Punta Cana International Airport is served by a wide range of carriers, including airlines like Jet Blue, United and American Airlines, so finding a suitable flight shouldn't be hard. The airport itself is located just outside the city of Punta Cana. If you need to get to resort hotels on the coast, check to see whether shuttle buses are provided (most major hotels will offer transportation from the airport).
Some people choose to fly into other airports in the Dominican Republic, rent a car and drive onwards to Punta Cana. In fact, staying in Santo Domingo and driving eastwards is a relatively hassle-free option, thanks to the recently built highway from La Romana to Punta Cana, which links up to the road to Santo Domingo.
Those arriving at Santo Domingo can also catch buses to Punta Cana. Expreso Bavaro covers the distance between the capital and the country's premier beach resort in just 3 hours 30 minutes.
Visitors to Punta Cana have an embarrassment of riches to choose from when selecting their accommodation. The town is surrounded by tropical resorts with spas, golf courses, private beaches, gyms, and pools. Some of the best include the 5-star Gran Bahia Principe and the massive Be Live Grand Punta Cana. However, there are more intimate options too, such as the Punta Cana Guesthouse, which is very handy as a place to stay for a couple of days after you touch down. For a full-on resort experience, the Hard Rock Resort and Casino is the best place to stay, with 13 pools and a Jack Nicklaus-designed golf course.
Bavaro – One of the most popular tourist areas in Punta Cana, Bavaro is centered around a tropical lagoon, which is a popular spot for watersports and swimming. It's home to some of the area's leading resorts, including the Now Larimar, as well as some of the best golf courses, such as Cocotal and White Sands. Basically, it has everything a beach, a golf fan, or both, could need.
Uvero Alto – Uvero Alto is located a few miles north of Bavaro and Punta Cana city, and its major attraction is the beach. Unlike beaches to the south, Uvero Alto tends to remain less busy and more relaxed, even at the peak of tourist season. Fringed by palms and safe to swim, it's the perfect family vacation destination.
El Cortecito – Bavaro's southern neighbor offers a longer, sandier beach (though both districts are great beach destinations). It's also slightly livelier, being home to great cocktail bars like Soles Chill Out Bar, Mares, and La Playita. If you want to relax on the beach and sip some margaritas, this is the place to be.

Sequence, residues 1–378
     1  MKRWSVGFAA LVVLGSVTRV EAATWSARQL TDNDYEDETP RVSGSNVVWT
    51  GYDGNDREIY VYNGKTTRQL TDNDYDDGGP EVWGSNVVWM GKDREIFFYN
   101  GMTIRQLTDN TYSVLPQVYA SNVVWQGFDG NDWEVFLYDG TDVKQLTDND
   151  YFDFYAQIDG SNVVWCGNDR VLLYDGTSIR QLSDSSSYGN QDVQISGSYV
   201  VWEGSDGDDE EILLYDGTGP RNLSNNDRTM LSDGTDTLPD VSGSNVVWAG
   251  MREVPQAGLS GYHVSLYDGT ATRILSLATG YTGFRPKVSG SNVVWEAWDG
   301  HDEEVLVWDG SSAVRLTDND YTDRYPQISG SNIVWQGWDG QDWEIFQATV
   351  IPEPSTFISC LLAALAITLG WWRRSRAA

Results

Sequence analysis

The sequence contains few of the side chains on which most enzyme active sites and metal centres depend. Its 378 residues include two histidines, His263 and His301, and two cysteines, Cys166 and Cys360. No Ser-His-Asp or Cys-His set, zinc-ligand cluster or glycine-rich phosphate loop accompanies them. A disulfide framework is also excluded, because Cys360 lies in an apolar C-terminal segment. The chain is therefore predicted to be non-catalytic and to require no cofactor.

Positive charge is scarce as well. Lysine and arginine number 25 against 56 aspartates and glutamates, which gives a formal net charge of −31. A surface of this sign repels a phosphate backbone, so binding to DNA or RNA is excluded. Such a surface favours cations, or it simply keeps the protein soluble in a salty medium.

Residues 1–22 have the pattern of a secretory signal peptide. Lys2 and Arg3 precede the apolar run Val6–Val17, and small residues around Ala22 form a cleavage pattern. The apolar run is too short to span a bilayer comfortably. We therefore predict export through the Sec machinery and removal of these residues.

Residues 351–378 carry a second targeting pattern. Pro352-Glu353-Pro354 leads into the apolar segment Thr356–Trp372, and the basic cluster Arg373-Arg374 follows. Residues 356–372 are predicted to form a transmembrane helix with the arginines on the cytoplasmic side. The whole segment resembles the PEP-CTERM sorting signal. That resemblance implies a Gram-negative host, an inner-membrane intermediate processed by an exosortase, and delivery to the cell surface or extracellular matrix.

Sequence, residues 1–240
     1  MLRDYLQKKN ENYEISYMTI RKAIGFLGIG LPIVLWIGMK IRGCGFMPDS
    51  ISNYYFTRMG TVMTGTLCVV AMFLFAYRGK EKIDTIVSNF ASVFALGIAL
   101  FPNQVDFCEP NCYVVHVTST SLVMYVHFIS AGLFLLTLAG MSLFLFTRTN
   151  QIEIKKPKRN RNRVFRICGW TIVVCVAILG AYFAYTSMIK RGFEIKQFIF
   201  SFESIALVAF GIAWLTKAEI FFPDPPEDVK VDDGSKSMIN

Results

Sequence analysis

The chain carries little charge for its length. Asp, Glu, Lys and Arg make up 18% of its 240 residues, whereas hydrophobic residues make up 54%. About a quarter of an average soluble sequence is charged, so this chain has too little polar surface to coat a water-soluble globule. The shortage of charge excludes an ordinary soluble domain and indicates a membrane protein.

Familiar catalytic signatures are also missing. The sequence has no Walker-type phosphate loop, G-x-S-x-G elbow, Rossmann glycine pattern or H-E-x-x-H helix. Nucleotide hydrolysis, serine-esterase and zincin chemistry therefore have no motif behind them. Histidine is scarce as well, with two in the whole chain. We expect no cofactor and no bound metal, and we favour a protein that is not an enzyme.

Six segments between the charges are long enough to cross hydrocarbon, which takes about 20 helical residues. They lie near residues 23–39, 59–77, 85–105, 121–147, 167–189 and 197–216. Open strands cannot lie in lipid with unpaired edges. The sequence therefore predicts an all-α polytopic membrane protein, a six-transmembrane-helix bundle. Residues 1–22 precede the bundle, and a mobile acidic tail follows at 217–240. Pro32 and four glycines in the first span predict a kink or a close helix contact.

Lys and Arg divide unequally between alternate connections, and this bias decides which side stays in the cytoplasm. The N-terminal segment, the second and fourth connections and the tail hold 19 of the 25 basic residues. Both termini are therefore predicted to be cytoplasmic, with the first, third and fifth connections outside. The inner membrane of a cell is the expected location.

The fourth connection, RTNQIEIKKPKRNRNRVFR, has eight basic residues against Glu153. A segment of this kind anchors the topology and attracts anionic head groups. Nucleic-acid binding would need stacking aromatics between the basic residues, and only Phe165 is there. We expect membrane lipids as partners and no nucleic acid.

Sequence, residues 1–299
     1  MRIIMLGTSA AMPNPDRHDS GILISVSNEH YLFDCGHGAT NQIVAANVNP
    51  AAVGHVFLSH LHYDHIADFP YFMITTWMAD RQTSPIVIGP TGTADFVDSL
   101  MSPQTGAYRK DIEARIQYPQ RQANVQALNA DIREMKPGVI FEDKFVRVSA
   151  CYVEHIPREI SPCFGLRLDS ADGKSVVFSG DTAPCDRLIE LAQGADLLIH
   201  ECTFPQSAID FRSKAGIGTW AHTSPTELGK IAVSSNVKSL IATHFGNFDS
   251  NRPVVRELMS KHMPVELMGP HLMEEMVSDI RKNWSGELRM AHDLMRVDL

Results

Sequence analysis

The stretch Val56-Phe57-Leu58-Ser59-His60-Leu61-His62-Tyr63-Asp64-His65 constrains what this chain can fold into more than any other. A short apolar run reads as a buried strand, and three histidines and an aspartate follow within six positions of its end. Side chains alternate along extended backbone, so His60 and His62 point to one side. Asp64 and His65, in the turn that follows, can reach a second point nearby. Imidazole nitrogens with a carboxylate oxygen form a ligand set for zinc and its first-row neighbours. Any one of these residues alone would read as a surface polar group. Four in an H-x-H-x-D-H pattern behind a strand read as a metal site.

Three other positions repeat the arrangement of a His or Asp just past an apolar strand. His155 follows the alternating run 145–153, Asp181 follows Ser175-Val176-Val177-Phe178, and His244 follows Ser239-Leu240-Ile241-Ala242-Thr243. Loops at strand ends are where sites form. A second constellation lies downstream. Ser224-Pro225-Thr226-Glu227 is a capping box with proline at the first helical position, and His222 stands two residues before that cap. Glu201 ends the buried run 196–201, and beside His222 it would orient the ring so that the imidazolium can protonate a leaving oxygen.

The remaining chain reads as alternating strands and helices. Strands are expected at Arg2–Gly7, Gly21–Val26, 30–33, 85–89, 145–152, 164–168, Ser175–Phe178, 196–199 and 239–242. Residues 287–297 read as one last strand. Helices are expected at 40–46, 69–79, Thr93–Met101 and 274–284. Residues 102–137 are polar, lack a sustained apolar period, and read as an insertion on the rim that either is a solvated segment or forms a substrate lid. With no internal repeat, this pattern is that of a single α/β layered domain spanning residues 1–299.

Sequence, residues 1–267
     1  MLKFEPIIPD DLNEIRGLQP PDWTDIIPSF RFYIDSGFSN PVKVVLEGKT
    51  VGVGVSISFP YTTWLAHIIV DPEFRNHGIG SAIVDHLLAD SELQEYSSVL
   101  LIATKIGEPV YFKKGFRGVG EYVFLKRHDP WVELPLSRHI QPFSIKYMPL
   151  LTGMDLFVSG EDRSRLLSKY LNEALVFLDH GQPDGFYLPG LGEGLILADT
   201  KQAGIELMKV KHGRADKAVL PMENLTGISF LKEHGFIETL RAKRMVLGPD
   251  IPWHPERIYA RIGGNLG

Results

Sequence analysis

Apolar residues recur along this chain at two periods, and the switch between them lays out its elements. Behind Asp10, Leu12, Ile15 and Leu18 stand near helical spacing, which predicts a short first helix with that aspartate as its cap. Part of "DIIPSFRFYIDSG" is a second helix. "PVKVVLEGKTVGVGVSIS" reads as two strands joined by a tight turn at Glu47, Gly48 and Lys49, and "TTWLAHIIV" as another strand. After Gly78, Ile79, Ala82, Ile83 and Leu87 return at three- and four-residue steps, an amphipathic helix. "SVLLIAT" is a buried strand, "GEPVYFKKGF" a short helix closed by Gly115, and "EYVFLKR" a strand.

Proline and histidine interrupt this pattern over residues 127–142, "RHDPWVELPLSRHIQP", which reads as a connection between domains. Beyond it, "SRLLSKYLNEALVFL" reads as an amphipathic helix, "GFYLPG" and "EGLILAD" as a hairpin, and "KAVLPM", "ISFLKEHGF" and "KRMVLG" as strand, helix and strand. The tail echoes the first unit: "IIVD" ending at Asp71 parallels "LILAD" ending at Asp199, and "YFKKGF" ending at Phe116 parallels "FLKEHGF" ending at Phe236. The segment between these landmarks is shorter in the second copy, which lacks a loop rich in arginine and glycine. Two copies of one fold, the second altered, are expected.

Taxis and rental cars are probably preferable to using the local public transit, but if you want to save money and experience an authentic Dominican experience, taking one of the Guaguas (minibuses) that ply the coastal roads is a great option. Fares are low (from Bavaro to Cortecito costs are just RD$15), and they offer a quick way to hop from beach to beach.
Taxis are plentiful in the Punta Cana area, but they aren't the cheapest option. For example, fares from the airport to local hotels can reach RD$500-1000, much higher than Guaguas or rental cars.
Renting a car is easy in Punta Cana, with major companies like Avis and Europcar represented at the airport. Prices are low as well, at around RD$700 per day (much cheaper than taxis). However, be aware that native drivers in the Dominican Republic can be aggressive, and the nation has a high accident rate. Many regular visitors tend to avoid renting a car for these reasons, preferring to pay the extra cost for taxis as required.
Punta Cana doesn't have huge shopping malls, but each resort area will have a strip of souvenir stores on the oceanfront, and these stores can be a fascinating place to explore. For example, if you are in Bavaro, don't miss Celine La Perla Dominicana - an old-style artisan cigar store. There are also small shopping plazas like San Juan Shopping Center and Palma Real Shopping Village (which mixes upscale boutiques like Swarovski and Harrison's Fine Jewelry with western restaurants like the Hard Rock Cafe).
Most of the resorts near Punta Cana include supermarkets that are pitched at locals and self-catering tourists. Bavaro has the most including Super Lama Bavaro and BAM Market, but every resort will be close to a grocery store. Prices are much cheaper than in the US. Expect to pay RD$190 for a gallon of milk and RD$380 for a good bottle of wine.
If you pick your hotel wisely, eating in Punta Cana can be a culinary adventure, with skilled chefs from all over the world. There are also some great independent restaurants. Head to the Capitan Cook in Cortecito for the best lobster in town, the Jellyfish Beach Restaurant for seafood and cocktails or Mathilda for traditional Dominican dishes like arroz blanco and plantain mash. Expect to pay around RD$400 or less for an excellent meal.